I Count Therefore I Am

I sat down on Sunday evening to complete my census form. This time it was online but in the past I’ve had paper forms to fill. I would choose a good pen, clear the table, find a pad to lean on, and write as neatly as I could. I’ve always loved filling in the form. Regardless of how small we feel in the enormousness of everything, there’s something I’ve found reassuring about being counted once every ten years along with all the other people around me and before me. The regularity of that count feels like a thread of ten yearly knots, each one marking the continuity and change of who has lived in our houses, and who the people were who came before us…

..like Barnet Feldman, who was counted by the British cenus for the first time in 1911. His record was entered by an official who came in person to Taplow Buildings in Arnold Circus in Shoreditch, east London, to count Barnet and the rest of the people in his household,  writing down names, ages, birthplaces and occupations in swirling copperplate handwriting. The record shows that Barnet was was born in Odessa in 1876 and was a tailor of fur coats and that he had a wife called Esther and two sons, Benjamin and Louis.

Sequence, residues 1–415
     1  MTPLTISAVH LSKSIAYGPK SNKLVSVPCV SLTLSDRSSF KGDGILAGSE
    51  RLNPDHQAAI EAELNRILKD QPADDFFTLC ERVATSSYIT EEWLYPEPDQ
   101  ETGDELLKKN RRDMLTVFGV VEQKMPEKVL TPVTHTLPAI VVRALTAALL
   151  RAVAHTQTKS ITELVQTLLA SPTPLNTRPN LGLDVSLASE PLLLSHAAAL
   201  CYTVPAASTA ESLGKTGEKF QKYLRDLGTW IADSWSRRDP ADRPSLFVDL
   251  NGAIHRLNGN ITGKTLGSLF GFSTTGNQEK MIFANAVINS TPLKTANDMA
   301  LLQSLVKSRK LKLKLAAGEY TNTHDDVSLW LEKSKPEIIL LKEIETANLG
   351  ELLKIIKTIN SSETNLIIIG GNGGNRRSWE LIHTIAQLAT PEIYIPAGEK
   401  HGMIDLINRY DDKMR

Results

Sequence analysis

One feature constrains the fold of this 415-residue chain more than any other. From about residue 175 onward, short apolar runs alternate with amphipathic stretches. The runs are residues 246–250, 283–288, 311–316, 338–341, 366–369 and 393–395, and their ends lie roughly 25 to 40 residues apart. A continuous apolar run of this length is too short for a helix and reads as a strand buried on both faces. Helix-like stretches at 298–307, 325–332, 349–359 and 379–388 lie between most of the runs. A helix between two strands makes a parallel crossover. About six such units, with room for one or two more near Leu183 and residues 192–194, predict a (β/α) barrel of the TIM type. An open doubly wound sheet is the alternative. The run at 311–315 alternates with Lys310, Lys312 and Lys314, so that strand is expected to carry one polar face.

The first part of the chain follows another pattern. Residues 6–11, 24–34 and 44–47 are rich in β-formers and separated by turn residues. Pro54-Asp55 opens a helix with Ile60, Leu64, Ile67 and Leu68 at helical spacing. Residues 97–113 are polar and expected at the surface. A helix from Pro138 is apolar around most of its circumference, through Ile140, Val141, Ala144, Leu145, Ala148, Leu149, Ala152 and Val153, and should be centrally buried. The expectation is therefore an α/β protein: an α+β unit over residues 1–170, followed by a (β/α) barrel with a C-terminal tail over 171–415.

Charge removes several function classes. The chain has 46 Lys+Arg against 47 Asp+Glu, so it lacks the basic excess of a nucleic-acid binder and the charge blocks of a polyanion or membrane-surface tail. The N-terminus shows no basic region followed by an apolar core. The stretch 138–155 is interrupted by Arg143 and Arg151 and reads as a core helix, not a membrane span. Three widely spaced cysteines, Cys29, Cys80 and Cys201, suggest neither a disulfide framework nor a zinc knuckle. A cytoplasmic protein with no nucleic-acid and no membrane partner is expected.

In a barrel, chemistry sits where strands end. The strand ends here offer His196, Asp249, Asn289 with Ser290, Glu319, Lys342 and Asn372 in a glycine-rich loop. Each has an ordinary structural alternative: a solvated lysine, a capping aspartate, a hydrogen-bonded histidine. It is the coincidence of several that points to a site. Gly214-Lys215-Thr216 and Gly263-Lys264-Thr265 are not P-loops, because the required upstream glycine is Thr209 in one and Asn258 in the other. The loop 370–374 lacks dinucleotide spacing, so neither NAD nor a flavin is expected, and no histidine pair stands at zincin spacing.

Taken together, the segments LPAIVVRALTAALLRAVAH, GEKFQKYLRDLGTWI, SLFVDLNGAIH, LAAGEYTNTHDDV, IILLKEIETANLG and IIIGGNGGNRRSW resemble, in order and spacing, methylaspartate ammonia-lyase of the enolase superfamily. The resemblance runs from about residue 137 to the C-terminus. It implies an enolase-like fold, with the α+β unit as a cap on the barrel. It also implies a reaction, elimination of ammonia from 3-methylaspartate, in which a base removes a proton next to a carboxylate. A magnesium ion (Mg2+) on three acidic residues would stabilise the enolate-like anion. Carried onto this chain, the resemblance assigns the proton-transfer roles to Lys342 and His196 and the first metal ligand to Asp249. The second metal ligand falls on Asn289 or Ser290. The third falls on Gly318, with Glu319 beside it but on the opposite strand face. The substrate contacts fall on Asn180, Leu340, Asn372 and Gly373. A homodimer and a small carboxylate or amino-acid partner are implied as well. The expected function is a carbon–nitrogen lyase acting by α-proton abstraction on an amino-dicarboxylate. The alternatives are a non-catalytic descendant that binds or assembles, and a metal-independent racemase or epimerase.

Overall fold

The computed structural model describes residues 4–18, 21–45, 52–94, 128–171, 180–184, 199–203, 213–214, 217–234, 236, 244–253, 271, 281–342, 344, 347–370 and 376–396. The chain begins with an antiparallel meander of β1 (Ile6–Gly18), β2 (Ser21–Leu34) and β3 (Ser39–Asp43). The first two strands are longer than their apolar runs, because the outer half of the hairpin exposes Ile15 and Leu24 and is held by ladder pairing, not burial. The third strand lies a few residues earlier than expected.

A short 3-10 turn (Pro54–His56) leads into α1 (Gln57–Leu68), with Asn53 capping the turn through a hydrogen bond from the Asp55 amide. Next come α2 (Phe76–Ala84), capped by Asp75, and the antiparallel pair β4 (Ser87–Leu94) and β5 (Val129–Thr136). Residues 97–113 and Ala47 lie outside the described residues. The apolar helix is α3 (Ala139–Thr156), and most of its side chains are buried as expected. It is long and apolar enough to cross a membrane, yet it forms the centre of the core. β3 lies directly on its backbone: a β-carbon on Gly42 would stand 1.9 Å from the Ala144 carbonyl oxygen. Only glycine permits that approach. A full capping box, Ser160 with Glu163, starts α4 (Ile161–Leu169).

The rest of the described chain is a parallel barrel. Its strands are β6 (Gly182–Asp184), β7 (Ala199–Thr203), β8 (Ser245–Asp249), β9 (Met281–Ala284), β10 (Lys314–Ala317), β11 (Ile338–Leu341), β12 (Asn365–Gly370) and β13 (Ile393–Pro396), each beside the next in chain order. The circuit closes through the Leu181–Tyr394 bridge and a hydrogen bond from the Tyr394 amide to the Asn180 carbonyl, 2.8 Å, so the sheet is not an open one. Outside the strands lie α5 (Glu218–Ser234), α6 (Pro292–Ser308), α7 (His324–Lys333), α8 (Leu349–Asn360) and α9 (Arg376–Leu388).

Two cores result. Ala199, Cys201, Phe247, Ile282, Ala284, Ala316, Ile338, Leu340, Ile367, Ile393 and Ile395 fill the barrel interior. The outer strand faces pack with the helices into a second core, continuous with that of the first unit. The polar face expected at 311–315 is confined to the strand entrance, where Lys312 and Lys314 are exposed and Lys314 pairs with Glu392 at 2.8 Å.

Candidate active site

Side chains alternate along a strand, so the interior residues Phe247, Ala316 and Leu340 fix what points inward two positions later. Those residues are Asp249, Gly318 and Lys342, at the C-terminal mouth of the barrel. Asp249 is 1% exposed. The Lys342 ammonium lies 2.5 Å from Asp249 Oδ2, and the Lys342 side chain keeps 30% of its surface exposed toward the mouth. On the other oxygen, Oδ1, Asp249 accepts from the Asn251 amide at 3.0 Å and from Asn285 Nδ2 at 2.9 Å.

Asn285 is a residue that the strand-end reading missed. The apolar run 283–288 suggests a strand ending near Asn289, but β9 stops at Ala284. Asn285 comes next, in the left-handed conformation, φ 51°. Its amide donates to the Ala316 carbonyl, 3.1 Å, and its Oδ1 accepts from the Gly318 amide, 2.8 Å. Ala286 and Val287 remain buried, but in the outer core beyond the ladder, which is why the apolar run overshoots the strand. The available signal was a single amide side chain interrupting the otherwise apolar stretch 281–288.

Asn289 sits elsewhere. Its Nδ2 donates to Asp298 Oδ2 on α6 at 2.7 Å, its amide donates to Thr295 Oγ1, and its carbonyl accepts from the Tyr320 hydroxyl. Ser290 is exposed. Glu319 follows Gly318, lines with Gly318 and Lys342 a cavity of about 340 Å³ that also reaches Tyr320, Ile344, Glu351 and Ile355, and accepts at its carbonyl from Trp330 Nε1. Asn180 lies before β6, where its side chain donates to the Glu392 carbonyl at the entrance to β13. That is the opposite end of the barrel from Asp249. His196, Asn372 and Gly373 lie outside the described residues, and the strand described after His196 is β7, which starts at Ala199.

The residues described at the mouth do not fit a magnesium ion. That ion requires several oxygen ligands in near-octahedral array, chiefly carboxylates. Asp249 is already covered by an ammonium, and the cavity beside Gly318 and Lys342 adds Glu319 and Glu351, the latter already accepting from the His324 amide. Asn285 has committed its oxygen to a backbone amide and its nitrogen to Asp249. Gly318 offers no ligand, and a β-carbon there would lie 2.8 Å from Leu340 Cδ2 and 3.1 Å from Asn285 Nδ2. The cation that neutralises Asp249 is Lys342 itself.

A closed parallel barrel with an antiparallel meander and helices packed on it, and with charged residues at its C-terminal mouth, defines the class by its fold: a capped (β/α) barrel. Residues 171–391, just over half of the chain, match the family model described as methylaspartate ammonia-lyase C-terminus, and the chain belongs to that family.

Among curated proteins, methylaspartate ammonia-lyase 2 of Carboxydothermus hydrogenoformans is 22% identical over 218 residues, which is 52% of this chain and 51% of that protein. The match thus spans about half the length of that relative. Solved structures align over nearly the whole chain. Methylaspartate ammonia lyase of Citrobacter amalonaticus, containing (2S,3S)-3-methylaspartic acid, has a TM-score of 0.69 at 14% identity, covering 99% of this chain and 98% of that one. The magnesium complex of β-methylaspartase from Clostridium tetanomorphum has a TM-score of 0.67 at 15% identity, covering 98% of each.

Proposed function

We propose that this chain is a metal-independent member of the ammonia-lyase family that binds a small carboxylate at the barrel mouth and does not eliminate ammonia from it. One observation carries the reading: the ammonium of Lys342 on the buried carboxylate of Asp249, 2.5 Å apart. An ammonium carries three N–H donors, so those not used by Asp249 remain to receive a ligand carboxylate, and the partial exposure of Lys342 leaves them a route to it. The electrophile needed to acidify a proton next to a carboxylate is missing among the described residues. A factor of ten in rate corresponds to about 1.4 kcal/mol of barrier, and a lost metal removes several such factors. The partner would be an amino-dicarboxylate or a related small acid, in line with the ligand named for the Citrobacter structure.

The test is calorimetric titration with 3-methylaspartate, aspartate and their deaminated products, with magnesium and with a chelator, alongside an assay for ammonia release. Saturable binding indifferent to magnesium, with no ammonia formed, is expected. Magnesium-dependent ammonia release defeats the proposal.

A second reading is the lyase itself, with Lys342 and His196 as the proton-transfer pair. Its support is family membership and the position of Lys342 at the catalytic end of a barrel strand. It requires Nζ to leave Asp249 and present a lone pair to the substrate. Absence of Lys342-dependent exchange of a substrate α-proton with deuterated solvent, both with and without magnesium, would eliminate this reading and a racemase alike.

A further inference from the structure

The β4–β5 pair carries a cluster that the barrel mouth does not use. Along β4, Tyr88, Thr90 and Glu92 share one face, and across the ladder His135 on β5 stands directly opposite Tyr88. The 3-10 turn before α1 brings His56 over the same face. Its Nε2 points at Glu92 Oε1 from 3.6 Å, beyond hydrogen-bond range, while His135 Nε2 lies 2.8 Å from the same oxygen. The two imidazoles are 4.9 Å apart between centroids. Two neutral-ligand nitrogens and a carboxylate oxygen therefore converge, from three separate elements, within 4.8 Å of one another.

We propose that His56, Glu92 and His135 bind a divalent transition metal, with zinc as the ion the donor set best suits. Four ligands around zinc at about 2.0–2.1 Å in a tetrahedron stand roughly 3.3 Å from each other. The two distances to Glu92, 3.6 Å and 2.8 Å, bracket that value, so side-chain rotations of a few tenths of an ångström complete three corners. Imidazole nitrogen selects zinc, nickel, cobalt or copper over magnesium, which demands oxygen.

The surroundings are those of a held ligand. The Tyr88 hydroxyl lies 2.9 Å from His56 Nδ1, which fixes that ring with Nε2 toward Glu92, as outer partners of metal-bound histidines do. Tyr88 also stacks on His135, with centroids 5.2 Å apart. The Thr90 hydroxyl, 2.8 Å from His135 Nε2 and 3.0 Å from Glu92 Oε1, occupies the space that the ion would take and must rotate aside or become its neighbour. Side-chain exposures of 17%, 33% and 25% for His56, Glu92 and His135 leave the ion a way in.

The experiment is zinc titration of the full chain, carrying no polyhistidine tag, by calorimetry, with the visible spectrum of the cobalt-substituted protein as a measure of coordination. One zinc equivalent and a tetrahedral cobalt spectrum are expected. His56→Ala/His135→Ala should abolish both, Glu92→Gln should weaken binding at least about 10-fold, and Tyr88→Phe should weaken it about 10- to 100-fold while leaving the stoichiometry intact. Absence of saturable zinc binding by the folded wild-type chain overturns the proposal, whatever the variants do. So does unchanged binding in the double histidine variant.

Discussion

After leaving Russia and arriving in the East End, he set up a business called the Calvert Fur Company on Calvert Avenue, just around the corner from his 1911 home address in Arnold Circus. He made his living from buying furs from the Hudson Bay Company fur auctions, carefully selecting and matching the pelts, and then sewing them into beautiful coats which were sold in fashionable boutiques.

60 years after Barnet was first counted in London, his tenth great grand child was born just in time to be counted in the 1971 British Census. Today she runs a wool shop in east London about 2 miles away from the site of the Calvert Fur Company.

That is of course me :o), and Barnet Feldman was my great grandpa, but I just called him Zeyda. With the exception of a few photographs there’s little material documentation we have left to remember him by. The fur coats are of course long gone, and there’s no trace of his workshop amongst the hipster shops and cafes on today’s Calvert Avenue. But thanks to  the public record of a furrier named Feldman in East London in 1911 in the National Archive, I’ve been able to trace a 110 year thread along the two miles from Shoreditch to Clapton,  which in spite of going through untold change, continues a story of making things to keep people warm. 

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